This hypercar will change the vehicle manufacturing process significantly. This is the Czinger 21C, and most of it is 3D printed.
Innovative new techniques are not unusual to the vehicle manufacturing world but, what Czinger has done, is revolutionary. But, don't take my word for it, let's join Top Gear's Jack Rix at the factory to find out all about the Czinger 21C.
Let us talk figures here. This car has 930hp pumping out of a mid-engined 2.3-litre twin-turbo V8 that drives the rear wheels, it's "the world's most power-dense engine, that spins to 11,000rpm". Two electric motors on the front axle deliver another 160hp to the front wheels, while a seven-speed sequential gearbox does cog-swapping duties.
That's all great, but the magic lies in the manufacturing and all-new assembly processes, where specific items are modelled by a computer in a matter of minutes, and produce ultra-lights parts that are strong where they need to be and thin where they don't.
These parts look far more organic than something designed by a human, and they're created from either aluminium, titanium or carbon fibre, and help the vehicle achieve a power-to-weight ratio of 1-to-1.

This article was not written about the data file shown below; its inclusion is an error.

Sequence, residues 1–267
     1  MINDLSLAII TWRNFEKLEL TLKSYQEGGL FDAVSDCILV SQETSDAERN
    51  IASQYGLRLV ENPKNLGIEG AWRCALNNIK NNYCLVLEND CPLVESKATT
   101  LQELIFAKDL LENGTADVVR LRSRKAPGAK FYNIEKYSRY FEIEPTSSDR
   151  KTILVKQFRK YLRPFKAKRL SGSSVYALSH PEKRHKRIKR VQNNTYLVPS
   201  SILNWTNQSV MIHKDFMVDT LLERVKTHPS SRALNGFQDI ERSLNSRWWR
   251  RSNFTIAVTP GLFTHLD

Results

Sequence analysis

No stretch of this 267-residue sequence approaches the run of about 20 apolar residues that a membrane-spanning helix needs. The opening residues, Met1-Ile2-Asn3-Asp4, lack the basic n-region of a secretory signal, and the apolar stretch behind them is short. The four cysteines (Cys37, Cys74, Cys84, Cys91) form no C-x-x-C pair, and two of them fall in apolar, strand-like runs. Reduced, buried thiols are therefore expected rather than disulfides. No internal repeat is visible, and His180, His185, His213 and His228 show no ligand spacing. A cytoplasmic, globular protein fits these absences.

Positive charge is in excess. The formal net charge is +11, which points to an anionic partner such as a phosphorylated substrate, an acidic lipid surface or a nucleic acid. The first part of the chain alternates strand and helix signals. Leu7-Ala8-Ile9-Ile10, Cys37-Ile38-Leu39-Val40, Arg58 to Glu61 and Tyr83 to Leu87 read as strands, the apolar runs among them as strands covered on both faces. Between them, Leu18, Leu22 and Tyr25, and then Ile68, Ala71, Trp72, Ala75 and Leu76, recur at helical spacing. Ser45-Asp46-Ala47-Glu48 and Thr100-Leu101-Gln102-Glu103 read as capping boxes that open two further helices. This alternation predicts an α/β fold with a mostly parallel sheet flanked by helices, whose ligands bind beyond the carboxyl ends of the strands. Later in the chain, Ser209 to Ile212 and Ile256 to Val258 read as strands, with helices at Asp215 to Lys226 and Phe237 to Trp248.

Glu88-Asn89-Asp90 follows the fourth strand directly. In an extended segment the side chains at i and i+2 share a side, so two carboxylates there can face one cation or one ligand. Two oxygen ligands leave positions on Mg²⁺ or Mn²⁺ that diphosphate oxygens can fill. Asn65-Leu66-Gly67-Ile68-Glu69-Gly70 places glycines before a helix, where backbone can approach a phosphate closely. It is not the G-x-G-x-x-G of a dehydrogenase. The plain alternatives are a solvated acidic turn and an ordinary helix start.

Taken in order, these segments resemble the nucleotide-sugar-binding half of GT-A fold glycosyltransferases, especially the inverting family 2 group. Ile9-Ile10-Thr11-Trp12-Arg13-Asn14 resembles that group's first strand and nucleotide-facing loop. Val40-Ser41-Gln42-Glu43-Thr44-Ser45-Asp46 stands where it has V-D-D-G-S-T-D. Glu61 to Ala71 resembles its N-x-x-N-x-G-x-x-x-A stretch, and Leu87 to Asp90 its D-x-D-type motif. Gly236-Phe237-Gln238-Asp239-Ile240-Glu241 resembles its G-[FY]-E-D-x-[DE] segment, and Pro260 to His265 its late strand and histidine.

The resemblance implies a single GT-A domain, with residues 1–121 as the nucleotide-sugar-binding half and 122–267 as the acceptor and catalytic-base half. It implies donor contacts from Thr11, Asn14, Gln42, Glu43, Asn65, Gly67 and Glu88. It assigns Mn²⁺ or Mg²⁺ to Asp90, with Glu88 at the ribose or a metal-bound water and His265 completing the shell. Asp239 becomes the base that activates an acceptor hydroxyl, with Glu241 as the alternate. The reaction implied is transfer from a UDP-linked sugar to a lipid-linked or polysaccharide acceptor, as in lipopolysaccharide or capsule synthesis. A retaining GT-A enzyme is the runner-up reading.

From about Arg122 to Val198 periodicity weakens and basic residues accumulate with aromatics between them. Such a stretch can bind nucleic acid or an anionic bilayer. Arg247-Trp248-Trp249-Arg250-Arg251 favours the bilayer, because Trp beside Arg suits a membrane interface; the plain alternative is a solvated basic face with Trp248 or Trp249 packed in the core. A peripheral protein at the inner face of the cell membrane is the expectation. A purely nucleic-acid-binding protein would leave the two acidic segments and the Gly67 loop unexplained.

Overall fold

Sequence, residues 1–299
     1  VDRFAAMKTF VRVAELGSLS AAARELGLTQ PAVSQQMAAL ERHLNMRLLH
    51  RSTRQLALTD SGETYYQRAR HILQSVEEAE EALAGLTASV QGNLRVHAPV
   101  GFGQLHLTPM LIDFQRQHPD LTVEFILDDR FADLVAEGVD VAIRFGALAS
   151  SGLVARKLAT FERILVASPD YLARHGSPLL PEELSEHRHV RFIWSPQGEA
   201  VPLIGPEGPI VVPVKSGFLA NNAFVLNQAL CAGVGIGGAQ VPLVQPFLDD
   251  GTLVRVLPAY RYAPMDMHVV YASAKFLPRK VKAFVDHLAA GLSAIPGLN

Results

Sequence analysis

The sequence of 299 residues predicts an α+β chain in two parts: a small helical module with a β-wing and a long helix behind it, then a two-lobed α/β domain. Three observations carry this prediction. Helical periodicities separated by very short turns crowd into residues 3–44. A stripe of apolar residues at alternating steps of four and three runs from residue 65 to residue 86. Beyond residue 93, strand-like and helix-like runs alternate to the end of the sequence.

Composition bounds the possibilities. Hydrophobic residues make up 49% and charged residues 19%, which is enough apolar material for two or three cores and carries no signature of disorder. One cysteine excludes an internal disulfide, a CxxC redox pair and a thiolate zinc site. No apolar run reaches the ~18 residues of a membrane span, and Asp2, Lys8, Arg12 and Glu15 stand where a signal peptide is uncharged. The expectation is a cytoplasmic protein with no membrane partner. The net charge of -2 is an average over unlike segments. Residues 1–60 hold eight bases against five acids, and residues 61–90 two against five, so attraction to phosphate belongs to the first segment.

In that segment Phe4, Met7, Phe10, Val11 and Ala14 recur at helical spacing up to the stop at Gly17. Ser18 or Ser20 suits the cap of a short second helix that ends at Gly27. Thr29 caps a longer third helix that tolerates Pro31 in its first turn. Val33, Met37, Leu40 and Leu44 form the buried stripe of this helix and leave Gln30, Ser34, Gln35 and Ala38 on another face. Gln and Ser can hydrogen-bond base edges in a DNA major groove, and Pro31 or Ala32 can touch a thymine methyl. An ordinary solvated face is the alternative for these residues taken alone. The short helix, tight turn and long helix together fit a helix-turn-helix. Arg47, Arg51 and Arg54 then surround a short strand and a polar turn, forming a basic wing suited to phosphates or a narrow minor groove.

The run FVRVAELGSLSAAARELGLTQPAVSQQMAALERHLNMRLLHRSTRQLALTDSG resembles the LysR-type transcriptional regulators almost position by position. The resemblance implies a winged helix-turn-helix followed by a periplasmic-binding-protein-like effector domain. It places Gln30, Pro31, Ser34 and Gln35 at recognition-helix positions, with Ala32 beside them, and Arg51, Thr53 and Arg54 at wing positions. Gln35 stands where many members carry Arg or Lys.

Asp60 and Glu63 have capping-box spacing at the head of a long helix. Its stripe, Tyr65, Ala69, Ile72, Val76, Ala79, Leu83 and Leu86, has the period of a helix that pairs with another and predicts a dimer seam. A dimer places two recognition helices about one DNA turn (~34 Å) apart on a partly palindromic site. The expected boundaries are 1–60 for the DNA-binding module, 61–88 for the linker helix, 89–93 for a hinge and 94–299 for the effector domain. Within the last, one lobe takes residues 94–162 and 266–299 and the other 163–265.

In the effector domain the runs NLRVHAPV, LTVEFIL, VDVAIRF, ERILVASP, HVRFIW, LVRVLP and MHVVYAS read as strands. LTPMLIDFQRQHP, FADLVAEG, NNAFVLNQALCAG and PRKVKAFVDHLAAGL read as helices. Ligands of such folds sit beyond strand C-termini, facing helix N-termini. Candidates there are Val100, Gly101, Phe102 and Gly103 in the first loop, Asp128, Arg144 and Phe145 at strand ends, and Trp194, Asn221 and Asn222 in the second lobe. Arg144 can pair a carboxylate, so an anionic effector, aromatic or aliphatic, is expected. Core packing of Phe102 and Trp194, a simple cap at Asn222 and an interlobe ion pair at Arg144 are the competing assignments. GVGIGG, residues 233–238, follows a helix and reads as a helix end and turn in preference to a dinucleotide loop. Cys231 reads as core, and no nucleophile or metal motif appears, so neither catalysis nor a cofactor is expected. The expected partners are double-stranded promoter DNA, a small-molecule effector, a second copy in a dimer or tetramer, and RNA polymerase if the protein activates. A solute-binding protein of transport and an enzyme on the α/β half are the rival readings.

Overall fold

Speaking of 1, another unique element is the 1+1 seating configuration. Inspired by motorcycles, owner and CEO, Kevin Zinger, tells us that, not only is this the optimal position to cut through the air, it's also the best place to be from an emotional level.
The assembly process is a revelation too. Using specially manufactured machinery, the vehicle is put together in one place, eradicating most of the traditional assembly line of current manufacturers, allowing up to 10,000 chassis a year from a 15x15-metre space on the factory floor.
There is far more to find out about this wondrous Czinger 21C hypercar, besides undercutting its competition with a price tag of $1.7 million. All we can say is that this company has the potential to change motor manufacturing forever, and we look forward to seeing it succeed.
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